Presenter: Jun Liu, Ph.D.,
Assistant Professor
College of Engineering
The University of Alabama

Dr. Jun Liu, is an assistant professor of civil, construction and environmental engineering at The University of Alabama. His primary areas of research interests are innovations related to intelligent transportation systems, connected and automated vehicles, transportation planning, highway safety and operation, and sustainable transportation.
Liu has published 25 refereed papers in premier transportation journals and three book chapters in the area of connected and automated vehicles. He also has more than 50 conference presentations/papers and invited talks.
Liu is a member of TRB Standing Committee on Transportation Safety Management and a member of TRB Standing Committee on Geo-spatial Data Acquisition Technologies. He is also a National Cooperative Highway Research Program (NCHRP) Panel Member for NCHRP 20-102(22) State and Local Impacts of Automated Freight Transportation Systems.
He currently serves on the Inaugural Editorial Board of Transportation Research Record: Journal of Transportation Research Board. He is also an Editorial Board member of the Journal of Intelligent Transportation Systems.
He has served as a principal investigator, co-principal investigator or key researcher in projects sponsored by the National Science Foundation, U.S. Department of Transportation, U.S. Department of Energy, Tennessee Department of Transportation, Texas Department of Transportation, Virginia Department of Transportation and Alabama Department of Transportation.
Liu received his doctorate in civil engineering from the University of Tennessee, Knoxville. Prior to joining The University of Alabama in 2018, Liu worked as a transportation planner at Virginia Department of Transportation and as a post-doc researcher at the University of Texas at Austin.

Title: GDOT RP-19-15 Safety Performance of Rural Four-Lane Undivided Roadways and Rural Four-Lane Roadways with a Two-Way Left-Turn Lane


Non-traversable medians consistently yielded improved safety performance compared to other median types such as undivided, 4-feet flush medians, and two-way left-turn lane cross-sections. However, constructing non-traversable medians can be costly. The goal of this study is to 1) examine the safety performance of existing rural four-lane roadways with above-mentioned four median types in Georgia by using Safety Performance Functions (SPFs) and Crash Modification Factors (CMFs), and 2) develop criteria to determine under what conditions these four median types yield maximum safety benefits while considering construction costs. Data were refined and integrated from multiple sources such as from the Georgia Department of Transportation (GDOT), Federal Highway Administration (FHWA) and Google Maps. The Annual Average Daily Traffic (AADT), truck percentage, and access point density were considered as key independent variables in SPFs. The CMFs were estimated to show the effectiveness of a cross-section compared to the base- four-lane undivided roadway. Note, the SPFs and CMFs developed in this study did not consider the speed limit. The key results show that the estimated CMFs vary across different values of variables, indicating that the safety effectiveness of a treatment is likely to vary across different roadway and traffic conditions. Specifically, the segments with non-traversable medians outperformed the other three segment types across all AADTs, truck percentages, and access point densities, except at very low AADT under 5,000 where the 4-feet flush medians appear to have improved safety. The research team estimated average annual crash reductions (compared with undivided roadways), which were converted into monetary values using the average crash costs by severities. The safety benefits and project construction costs were used to estimate benefit-cost ratios (BCRs). Simulations were suggested in situations where safety solely did not help in the decision-making process of identifying cost-effective median type for rural four-lane roadways. It is highly recommended that decision-makers or practitioners use the estimated safety benefits from this study and the construction costs of a specific highway project to estimate BCRs for recommendations of the cross-section type.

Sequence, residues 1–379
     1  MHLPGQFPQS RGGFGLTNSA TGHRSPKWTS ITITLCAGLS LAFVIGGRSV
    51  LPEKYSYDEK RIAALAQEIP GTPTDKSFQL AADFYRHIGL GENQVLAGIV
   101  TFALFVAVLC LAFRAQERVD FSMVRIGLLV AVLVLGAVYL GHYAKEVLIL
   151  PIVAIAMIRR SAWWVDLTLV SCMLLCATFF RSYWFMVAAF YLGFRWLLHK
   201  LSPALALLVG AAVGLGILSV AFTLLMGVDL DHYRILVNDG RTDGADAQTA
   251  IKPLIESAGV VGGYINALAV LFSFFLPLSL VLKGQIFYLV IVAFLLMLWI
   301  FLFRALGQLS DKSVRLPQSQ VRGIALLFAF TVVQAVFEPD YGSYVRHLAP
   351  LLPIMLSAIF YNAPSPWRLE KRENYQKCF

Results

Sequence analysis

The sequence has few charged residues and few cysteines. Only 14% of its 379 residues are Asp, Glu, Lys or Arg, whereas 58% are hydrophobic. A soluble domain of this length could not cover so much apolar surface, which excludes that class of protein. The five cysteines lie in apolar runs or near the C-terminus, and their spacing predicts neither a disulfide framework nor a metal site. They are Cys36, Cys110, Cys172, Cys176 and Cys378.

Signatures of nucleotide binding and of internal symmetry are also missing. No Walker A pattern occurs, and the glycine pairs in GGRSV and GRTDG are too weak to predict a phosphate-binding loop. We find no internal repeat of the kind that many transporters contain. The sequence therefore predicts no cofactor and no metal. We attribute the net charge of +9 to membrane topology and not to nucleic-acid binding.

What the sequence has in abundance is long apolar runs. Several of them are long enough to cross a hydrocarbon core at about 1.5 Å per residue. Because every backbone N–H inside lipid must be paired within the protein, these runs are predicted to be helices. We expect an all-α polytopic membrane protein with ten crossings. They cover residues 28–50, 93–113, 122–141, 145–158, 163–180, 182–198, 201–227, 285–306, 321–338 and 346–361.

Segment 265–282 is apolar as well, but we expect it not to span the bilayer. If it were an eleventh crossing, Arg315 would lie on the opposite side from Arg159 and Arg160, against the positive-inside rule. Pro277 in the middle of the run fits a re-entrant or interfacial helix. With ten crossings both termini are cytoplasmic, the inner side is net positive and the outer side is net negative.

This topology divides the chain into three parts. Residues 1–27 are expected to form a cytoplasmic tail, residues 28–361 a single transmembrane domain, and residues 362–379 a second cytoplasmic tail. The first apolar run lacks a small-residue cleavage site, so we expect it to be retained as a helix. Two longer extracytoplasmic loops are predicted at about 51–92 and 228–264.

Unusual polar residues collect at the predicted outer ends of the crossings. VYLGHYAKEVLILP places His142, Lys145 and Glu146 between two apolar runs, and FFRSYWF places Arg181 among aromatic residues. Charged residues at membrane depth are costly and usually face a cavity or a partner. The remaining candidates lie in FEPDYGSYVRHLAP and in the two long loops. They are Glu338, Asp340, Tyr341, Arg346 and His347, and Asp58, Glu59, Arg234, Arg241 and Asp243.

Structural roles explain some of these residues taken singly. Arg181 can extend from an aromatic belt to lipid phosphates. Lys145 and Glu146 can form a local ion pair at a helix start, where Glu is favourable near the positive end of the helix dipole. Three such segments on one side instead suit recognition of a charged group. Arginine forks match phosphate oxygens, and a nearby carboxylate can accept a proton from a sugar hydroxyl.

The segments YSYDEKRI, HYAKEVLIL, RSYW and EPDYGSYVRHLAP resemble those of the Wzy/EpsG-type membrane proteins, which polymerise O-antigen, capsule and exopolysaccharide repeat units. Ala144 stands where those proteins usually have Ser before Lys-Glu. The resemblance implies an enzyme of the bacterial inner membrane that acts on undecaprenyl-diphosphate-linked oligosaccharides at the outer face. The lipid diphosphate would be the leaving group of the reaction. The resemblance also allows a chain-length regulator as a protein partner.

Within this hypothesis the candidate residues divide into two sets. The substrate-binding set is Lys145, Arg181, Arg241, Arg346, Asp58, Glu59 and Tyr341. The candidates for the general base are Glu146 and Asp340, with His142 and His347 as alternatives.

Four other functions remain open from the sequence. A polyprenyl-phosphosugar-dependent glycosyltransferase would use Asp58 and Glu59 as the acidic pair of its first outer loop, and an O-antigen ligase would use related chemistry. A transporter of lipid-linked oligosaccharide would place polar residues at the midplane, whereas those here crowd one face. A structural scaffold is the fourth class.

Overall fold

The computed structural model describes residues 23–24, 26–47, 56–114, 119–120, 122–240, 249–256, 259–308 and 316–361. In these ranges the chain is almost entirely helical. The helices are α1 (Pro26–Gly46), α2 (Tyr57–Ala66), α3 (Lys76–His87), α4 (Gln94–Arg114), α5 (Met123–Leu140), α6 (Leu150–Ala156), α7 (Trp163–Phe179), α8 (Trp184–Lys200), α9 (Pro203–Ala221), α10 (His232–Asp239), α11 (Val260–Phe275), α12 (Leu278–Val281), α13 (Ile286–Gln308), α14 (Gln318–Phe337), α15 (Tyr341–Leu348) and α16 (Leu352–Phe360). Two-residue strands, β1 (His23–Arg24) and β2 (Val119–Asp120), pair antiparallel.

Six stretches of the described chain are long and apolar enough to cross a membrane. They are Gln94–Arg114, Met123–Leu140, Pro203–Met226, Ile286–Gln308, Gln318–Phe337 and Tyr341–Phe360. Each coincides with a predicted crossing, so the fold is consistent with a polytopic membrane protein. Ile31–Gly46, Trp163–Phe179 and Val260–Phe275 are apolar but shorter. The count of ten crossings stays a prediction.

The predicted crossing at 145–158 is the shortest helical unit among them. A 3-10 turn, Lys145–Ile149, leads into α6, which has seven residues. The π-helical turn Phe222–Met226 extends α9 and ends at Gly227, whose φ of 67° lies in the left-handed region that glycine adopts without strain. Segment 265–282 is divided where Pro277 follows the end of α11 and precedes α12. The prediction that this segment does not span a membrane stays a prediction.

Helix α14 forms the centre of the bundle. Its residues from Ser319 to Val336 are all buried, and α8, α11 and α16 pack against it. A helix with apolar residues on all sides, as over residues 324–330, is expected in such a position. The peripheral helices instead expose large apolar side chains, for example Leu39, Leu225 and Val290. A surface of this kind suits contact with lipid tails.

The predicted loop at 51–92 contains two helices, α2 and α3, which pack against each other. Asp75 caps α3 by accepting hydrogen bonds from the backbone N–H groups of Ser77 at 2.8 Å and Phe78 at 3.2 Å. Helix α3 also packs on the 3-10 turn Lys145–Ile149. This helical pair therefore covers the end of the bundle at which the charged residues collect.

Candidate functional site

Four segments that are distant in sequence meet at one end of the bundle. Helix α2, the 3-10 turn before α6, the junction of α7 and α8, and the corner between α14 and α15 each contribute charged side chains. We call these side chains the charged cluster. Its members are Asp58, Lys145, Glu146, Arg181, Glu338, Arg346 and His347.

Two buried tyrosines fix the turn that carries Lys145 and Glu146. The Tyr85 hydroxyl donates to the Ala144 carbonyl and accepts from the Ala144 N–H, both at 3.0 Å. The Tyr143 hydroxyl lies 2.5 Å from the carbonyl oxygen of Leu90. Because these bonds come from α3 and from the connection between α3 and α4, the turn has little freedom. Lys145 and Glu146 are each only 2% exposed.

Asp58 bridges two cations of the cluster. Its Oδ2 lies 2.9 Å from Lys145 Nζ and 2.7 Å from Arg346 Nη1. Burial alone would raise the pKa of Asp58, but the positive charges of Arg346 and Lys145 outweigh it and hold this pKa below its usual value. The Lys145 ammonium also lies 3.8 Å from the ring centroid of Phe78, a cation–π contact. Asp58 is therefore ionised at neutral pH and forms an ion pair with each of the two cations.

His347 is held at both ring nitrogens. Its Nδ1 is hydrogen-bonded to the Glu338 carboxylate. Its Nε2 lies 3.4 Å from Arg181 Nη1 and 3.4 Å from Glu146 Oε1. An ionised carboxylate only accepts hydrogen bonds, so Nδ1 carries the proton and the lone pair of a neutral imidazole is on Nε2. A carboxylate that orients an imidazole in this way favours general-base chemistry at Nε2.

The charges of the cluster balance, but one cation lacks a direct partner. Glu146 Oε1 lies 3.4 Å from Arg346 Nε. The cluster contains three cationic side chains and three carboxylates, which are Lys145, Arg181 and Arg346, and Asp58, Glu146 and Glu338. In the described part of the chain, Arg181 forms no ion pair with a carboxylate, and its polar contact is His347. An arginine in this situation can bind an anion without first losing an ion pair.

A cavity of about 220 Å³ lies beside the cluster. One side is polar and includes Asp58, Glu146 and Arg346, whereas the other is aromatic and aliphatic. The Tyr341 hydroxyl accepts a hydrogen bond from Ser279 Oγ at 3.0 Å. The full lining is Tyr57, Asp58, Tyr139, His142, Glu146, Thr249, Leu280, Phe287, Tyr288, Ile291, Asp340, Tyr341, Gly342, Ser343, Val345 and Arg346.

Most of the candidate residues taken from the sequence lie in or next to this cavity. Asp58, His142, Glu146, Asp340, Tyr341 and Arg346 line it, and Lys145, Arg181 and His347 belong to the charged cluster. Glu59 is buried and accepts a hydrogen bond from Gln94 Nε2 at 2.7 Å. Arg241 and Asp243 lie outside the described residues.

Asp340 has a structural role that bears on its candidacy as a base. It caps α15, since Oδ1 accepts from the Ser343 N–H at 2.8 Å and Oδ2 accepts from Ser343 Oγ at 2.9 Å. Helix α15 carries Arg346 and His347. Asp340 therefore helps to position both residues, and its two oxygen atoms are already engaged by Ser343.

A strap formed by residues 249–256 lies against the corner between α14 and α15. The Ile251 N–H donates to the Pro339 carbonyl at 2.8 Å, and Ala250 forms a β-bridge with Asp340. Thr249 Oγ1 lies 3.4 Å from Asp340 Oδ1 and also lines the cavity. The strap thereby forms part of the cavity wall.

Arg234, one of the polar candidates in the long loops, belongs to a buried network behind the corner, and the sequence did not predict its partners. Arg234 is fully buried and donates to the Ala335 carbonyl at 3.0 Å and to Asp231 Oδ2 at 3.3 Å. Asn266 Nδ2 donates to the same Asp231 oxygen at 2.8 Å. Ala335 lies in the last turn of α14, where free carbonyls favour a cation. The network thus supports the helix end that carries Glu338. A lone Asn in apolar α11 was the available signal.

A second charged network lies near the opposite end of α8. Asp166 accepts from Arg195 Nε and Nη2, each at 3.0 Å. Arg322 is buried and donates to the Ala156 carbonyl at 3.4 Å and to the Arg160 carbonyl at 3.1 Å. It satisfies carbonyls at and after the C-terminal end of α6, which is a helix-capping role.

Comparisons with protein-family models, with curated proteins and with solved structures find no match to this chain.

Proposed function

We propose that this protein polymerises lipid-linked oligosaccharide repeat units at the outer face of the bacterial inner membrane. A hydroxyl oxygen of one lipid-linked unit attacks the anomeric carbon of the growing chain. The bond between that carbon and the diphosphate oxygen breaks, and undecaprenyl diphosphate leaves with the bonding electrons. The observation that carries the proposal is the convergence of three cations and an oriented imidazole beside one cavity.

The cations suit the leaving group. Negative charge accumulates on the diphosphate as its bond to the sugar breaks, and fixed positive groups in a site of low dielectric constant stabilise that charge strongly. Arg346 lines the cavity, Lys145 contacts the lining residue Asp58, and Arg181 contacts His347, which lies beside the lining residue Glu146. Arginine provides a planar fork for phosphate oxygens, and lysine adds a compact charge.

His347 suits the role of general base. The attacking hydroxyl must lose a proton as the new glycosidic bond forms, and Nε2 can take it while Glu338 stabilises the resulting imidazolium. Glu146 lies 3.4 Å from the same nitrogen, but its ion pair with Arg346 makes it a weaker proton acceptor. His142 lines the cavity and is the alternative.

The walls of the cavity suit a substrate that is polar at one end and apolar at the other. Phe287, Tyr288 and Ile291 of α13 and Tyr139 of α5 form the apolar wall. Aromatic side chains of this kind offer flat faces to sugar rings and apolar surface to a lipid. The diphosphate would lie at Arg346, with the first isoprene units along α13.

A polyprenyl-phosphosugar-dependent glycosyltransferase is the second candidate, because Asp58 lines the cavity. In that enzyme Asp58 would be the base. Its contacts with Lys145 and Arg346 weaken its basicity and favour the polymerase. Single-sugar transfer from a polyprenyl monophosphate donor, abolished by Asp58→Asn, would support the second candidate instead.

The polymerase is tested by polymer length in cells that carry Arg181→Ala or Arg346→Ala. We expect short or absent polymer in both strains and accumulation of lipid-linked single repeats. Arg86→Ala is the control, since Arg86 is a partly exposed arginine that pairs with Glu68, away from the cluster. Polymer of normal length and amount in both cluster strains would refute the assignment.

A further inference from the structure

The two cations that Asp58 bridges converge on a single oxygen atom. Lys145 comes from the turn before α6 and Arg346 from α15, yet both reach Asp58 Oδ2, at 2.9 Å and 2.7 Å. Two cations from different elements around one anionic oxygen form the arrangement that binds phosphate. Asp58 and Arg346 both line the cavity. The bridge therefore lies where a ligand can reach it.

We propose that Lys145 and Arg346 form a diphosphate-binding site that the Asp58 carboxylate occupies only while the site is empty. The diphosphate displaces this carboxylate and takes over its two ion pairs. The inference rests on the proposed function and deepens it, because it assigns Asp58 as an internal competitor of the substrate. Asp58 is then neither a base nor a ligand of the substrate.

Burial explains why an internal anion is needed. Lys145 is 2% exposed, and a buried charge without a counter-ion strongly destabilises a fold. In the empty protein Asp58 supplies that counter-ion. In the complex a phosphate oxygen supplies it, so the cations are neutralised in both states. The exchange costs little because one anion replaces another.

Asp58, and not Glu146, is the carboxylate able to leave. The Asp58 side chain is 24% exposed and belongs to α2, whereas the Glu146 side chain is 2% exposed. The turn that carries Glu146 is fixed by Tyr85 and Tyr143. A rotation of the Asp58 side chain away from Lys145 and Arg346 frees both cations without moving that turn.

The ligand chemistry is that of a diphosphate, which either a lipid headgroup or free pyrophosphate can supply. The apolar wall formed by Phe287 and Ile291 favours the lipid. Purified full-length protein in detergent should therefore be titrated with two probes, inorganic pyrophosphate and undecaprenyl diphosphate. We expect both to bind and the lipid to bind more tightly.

Date and time: 
Tuesday, December 12, 2023 - 11:00 to 12:00
Location of Event: 
Microsoft Treams
Event Type: 
Symposia & Conferences